Sometimes deals get made, and then the dealmakers have to employ some pretty creative tactics to get the terms to work. Magna's deal for Opel included taking €1.5 billion in short term loans from the German government, the string attached being that Magna had to guarantee German jobs.
Saving jobs means selling more cars to maintain production levels, and outside observers are suggesting that Opel would need to cut prices by 40% to move enough metal to keep people on the lines. Of course, a 40% drop in prices makes profit almost impossible, and some are saying Magna doesn't care about profits right now. One analyst said Magna and GM might want to increase costs, since Magna would sell more parts and GM would get more royalties. That, however, seem like the wilder side of speculation.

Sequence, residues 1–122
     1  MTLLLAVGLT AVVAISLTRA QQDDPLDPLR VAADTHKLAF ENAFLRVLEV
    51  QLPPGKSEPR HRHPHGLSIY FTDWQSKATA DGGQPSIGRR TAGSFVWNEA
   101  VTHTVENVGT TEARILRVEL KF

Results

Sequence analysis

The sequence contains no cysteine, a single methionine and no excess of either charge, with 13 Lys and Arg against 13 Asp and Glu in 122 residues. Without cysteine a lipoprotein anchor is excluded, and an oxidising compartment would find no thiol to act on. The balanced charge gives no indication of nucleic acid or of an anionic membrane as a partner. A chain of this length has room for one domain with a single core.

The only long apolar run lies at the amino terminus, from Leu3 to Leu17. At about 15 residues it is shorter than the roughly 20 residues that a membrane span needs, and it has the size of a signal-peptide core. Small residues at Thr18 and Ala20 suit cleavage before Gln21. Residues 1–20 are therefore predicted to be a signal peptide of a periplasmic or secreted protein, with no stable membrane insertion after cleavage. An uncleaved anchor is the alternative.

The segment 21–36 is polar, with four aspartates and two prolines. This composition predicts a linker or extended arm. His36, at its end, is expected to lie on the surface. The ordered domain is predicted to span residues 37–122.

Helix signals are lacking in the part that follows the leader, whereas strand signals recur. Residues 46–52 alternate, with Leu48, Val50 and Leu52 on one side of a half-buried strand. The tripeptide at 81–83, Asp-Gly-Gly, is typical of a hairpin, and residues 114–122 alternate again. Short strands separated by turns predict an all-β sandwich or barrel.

Magna has said the 40% discount hypothesis is absurd. Magna's mandate was to save German jobs -- that doesn't mean other Opel or Vauxhall factories in other countries can't be shuttered. Such a discount would also bring competing automakers into the debate; they would need to fight battles both on the dealer lot and with their government lobbyists, who would question Opel's right to sell cheap cars with government assistance.